What’s a Facebook boosted post? When you share a link, image, or post on your business page in Facebook, you can opt to extend your reach by paying to "boost" your post. Essentially it’s a paid ad.
I realized the limitations of designing Facebook images during a recent conversation with a font vendor. Here are tips to save you time and keep you from pulling your hair out!
Extending Your Blog Post Reach
You may have seen my newsletter about business websites with blogs getting a lot more visitor traffic. I see this with the websites I maintain for clients; so, I highly recommend maintaining an active blog as part of your marketing strategy.
To help get your latest blog posts out there, share them on your Facebook business page to increase your audience. However, you can have a ton of likes and still not reach many folks (unless you are an entertainer). That’s why using the boosted feature is one of your best bets. With the boosted post option on your Facebook business page, your blog post can effectively reach those who have liked your page and their friends!
I think we can all agree Facebook won’t win any design awards (what’s with the perpetual baby blue background color?). But people do use it (for some obsessively), so be sure to extend your reach by boosting your blog posts on your Facebook business page.
Facebook Boosted Image Tips
One way to ensure your boosted post attracts attention is to have a terrific image. Start by searching at places like Big Stock Photo, Stocksy, or Creative Market. Need some tips on choosing? Check out my post with tips.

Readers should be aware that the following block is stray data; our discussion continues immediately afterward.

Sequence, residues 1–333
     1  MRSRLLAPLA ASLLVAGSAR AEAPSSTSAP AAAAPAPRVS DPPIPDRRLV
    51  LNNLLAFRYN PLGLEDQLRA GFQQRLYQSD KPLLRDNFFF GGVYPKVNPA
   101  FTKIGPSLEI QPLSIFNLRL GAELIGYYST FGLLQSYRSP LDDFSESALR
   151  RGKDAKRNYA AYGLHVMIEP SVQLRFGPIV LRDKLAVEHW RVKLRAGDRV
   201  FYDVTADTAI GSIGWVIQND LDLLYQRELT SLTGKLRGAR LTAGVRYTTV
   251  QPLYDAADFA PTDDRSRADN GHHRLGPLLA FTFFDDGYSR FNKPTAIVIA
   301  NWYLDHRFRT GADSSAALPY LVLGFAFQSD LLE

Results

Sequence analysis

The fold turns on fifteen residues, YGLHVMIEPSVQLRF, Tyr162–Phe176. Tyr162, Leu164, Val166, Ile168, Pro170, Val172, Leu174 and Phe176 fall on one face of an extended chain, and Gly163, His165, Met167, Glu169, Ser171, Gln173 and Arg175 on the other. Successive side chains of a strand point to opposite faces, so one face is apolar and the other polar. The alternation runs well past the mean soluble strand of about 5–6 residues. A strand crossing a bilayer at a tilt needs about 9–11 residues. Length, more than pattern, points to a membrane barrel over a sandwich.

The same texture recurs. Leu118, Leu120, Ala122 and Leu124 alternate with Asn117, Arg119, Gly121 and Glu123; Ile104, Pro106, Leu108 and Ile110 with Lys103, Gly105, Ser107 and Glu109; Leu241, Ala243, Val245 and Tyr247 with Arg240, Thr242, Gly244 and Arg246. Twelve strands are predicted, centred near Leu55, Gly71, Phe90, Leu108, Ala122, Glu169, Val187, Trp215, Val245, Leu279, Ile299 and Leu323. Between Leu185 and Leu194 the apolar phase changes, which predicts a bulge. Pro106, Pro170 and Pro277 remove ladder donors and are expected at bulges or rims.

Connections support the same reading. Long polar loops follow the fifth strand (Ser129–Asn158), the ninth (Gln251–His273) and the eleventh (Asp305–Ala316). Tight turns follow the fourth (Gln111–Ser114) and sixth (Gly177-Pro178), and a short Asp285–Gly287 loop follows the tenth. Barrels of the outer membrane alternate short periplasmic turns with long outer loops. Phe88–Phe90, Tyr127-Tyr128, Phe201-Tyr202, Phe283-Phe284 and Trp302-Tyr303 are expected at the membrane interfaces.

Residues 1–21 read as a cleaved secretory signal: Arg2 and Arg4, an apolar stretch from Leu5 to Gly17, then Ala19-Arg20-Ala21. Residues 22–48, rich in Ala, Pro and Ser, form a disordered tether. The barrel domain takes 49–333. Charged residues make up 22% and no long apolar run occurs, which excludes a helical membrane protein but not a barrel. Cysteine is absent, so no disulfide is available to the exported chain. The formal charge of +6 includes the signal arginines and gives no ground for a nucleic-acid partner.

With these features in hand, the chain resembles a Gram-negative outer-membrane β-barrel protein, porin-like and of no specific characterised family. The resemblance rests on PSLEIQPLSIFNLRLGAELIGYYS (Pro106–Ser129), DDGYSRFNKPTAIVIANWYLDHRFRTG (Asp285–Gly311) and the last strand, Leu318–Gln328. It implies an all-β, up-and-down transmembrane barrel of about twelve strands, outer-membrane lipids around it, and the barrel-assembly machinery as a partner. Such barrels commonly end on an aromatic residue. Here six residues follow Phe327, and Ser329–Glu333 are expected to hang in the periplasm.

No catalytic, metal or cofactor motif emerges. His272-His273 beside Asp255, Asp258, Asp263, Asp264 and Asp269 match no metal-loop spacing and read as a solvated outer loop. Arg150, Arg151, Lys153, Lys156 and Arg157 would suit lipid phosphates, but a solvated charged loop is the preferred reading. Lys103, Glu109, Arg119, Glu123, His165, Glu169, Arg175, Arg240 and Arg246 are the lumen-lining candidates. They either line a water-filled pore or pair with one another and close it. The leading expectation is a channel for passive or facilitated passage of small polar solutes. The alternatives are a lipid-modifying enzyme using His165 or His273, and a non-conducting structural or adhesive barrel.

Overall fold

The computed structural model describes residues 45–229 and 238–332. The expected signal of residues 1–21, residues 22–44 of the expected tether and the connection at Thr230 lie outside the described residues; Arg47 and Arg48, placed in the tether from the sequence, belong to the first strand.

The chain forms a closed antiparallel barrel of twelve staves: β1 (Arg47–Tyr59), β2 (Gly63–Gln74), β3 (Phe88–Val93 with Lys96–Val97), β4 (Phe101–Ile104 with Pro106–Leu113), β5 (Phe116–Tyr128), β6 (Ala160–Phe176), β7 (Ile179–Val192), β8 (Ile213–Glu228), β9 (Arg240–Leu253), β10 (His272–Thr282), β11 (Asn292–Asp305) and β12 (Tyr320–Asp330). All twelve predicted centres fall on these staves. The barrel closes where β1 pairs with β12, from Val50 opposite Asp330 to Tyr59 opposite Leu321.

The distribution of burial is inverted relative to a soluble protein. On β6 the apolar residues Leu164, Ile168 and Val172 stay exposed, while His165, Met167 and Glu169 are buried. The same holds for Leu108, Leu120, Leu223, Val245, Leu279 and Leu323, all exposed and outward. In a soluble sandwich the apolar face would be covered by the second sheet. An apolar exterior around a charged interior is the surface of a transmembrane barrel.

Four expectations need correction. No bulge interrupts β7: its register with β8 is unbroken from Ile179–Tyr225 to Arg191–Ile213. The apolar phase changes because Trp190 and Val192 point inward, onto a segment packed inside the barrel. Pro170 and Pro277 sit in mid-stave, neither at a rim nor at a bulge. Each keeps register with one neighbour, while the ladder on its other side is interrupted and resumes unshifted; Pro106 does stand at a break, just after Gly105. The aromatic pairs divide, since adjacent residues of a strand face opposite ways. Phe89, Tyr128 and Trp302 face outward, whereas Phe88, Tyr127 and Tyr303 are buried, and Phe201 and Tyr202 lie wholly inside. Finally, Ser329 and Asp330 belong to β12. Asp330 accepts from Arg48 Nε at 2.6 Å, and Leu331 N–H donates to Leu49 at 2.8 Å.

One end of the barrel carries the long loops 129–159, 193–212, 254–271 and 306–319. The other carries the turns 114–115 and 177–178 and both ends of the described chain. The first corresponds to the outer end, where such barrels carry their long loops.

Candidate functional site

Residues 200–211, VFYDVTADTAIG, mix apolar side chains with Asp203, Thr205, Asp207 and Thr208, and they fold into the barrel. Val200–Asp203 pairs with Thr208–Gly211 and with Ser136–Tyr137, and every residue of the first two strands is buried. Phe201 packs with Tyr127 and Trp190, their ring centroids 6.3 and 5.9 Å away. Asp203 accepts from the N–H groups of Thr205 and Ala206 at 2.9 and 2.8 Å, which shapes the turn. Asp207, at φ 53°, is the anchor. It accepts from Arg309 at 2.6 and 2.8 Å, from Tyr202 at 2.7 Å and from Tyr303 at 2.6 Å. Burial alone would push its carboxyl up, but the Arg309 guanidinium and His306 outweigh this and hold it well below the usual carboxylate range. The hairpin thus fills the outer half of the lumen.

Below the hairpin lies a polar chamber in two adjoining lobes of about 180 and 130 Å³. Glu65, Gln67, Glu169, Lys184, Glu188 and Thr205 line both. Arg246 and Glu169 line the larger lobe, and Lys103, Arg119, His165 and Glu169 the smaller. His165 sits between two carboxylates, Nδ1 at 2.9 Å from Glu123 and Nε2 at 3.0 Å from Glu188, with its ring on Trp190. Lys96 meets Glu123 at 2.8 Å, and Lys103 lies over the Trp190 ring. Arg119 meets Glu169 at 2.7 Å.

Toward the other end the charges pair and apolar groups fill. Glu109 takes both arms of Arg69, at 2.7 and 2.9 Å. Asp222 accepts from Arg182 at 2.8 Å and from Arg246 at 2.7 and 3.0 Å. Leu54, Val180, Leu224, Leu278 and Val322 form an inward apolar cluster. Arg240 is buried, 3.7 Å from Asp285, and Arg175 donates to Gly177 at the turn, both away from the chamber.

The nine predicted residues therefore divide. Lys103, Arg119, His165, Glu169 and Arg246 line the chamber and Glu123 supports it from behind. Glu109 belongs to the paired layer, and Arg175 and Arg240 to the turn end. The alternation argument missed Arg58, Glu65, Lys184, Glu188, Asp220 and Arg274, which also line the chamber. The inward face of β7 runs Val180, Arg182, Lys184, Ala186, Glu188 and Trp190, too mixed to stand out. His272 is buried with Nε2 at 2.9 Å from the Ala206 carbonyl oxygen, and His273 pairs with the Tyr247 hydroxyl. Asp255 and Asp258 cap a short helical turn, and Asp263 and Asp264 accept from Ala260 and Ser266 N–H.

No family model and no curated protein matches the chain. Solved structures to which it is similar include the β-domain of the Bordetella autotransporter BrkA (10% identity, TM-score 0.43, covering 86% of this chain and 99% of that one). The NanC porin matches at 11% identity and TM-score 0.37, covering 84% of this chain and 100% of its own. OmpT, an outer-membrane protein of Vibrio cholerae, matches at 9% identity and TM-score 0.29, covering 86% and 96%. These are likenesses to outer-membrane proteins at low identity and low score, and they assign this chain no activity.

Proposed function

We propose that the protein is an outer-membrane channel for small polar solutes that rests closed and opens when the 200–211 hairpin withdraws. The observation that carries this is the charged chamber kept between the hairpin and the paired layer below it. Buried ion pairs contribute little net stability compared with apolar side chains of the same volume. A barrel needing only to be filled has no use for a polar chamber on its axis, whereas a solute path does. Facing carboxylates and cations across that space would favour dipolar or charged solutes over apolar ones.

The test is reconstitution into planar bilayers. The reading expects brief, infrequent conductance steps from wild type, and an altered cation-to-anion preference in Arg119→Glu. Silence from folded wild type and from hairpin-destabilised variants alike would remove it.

Once you have that awesome image for your blog, you need to make sure your wording will work within Facebook’s image ad restrictions. The tricky part is staying within Facebook’s 20% text restriction.
Facebook fortunately does have a tool so you can check:
The grid tool divides the space into a 5 x 5 grid. You upload your image, click on the spaces where text appears, and voila, you know if you’re within the 20% rule.
A couple of things to keep in mind when including text:
- The text needs to be readable on a mobile device – LARGE TEXT,
- You only have about one line to work with so think 4-5 words,
- Use a condensed font (this article has some winners); you can go large and still fit within the restrictive 20% text grid.
- Make sure your text has good contrast by adding a background color to the text area for best readability.
- When in doubt, check the ad image policies (Facebook logo, for example, not allowed).
- The shared boosted post image size is 1200 x 900 pixels recommended (displays 470 pixels in the timeline), although it will look smaller on a mobile phone being around 4 inches wide.
I hope that’s helpful. Do you boost your posts?
Nancy Seeger, the owner of Arts Assistance, believes website design is part of the marketing toolkit that attracts your audience. Their roster of clients includes a GRAMMY artist, coaches, small businesses and non-profits. Get web design insider tips to more easily manage your website and attract your audience.